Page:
Making it easier for Canadians to find benefits
In collaboration with Prosper Canada
Comprehensive UX evaluation and improvements made a wayfinding tool more accessible.
ChallengeTo help more low-income Canadians access government benefits more easily.
SolutionA comprehensive UX and accessibility strategy, informed by users.
Government benefits are important financial supports that can be a lifeline to enhance quality of life. But many Canadians are either unaware that they’re eligible, or encounter significant barriers along the way. When you need to prove your disability over and over, submit complex paperwork or navigate confusing eligibility requirements, it’s easy to become overwhelmed—or even give up.
As a national non-profit organization that expands economic opportunities for low-income Canadians, Prosper Canada develops resources and digital tools to help more people thrive.
The Benefits Wayfinder is a free online resource that aggregates hundreds of government benefits, while the Disability Benefits Compass provides guidance on applying to four key disability benefits. Prosper Canada wanted to evaluate the usability and accessibility of each tool to make it easier for users with diverse needs to access benefits.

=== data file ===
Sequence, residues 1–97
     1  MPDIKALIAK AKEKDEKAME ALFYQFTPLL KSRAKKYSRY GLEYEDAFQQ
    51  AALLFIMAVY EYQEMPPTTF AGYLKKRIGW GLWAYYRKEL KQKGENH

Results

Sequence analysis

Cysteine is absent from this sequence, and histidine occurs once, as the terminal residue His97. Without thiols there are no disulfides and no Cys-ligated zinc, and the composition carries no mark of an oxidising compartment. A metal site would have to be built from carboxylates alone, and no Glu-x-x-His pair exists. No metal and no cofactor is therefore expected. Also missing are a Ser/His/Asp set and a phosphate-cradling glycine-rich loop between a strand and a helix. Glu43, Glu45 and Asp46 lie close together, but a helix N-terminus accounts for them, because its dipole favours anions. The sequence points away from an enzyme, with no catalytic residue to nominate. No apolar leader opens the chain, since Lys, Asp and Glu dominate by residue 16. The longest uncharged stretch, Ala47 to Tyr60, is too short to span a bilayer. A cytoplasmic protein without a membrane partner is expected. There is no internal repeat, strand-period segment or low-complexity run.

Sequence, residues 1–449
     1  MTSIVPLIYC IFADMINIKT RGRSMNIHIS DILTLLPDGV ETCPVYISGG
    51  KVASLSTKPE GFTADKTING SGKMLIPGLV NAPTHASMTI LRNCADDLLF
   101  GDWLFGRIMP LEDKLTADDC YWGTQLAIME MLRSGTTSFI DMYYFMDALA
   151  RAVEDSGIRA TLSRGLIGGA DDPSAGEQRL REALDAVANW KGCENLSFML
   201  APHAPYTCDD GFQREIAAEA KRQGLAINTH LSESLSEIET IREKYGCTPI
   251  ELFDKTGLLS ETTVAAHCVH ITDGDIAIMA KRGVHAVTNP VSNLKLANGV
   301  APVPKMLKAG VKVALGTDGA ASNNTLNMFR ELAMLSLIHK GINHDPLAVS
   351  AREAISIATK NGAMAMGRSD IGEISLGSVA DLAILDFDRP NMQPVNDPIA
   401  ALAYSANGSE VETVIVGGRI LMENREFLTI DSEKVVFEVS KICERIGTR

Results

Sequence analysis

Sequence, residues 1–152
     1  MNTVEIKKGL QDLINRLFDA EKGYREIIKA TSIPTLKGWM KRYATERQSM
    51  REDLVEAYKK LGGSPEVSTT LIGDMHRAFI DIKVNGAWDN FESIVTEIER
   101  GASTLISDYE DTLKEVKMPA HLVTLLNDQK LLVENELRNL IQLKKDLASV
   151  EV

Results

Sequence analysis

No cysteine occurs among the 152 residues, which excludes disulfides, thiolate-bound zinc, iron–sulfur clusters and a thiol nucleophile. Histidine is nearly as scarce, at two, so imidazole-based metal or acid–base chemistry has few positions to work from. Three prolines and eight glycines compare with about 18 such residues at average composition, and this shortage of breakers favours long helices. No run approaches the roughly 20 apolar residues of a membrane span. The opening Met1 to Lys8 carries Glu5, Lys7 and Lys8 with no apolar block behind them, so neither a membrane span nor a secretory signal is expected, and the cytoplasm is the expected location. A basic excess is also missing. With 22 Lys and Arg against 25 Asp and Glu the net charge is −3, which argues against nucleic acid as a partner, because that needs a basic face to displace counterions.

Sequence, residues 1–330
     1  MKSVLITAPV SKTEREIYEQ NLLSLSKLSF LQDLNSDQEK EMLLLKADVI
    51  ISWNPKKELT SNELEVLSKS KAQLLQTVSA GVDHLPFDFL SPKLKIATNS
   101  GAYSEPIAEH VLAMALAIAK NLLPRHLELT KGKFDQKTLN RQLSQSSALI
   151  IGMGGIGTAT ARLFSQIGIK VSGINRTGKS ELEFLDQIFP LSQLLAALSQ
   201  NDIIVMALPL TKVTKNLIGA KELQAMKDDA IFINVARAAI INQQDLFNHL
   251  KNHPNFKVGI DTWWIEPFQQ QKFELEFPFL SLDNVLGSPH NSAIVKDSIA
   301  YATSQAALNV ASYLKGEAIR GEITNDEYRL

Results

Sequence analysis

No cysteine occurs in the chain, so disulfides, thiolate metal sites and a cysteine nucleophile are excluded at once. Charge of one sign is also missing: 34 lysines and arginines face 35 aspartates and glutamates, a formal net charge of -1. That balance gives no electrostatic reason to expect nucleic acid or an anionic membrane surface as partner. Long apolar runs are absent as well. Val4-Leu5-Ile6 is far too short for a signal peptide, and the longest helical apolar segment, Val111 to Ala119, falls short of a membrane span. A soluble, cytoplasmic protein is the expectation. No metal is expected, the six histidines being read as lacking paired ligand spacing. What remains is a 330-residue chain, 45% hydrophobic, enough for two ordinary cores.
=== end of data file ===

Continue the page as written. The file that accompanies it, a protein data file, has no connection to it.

Empathetic design for diverse user needs
Our challenge was to ensure that both the Benefits Wayfinder and Disability Benefits Compass could accommodate a variety of users with diverse backgrounds, abilities and needs.
We began with a review of two distinct modules within the tools, online prototype and code base. Next came a heuristic evaluation of the prototype, alongside an initial accessibility audit and usability review. With our findings in hand, we updated the prototype in preparation for user testing.
Hearing directly from users
We also wanted to ensure we understood how users currently used the resource, particularly underrepresented groups. Through a series of focused user tests—including remote testing and firsthand interviews via videoconference—we identified:
- Potential pain points for specific user segments, such as newcomers or people living with disabilities.
- Ideas on how to most effectively engage and retain users.
- Which new features and opportunities would help meet or improve upon KPIs.
- Design engagements to improve user experience and make content updates more efficient.
With tight budgets and timelines, we also had to navigate multiple layers of input and feedback from relevant teams and ensure all needs and priorities were clearly understood and captured throughout the process.
Improvements and outcomes
Based on insights from users, we developed new wireframes and mockups to improve the tool and seamlessly integrated them. The improvements included:
- A simplified step-by-step questionnaire to identify eligible opportunities.
- Streamlined application process information.
- More plain language for increased accessibility.
- Multiple ways to browse benefits, including self-identification based on key groups.
- Improved navigation from a streamlined design with ample white space, content blocking, and hierarchy.
Ultimately, the one result that really matters is: can users access benefits?
In the first 18 months after launch the UX and accessibility improvements resulted in:
- Over 231,000 unique (new) visitors, across all provinces and territories.
- Over 93,200 dashboard sessions created.
- Over 84,000 questionnaires started.
- A customer satisfaction score of 8.03 (Average Net Promoter Score out of 10).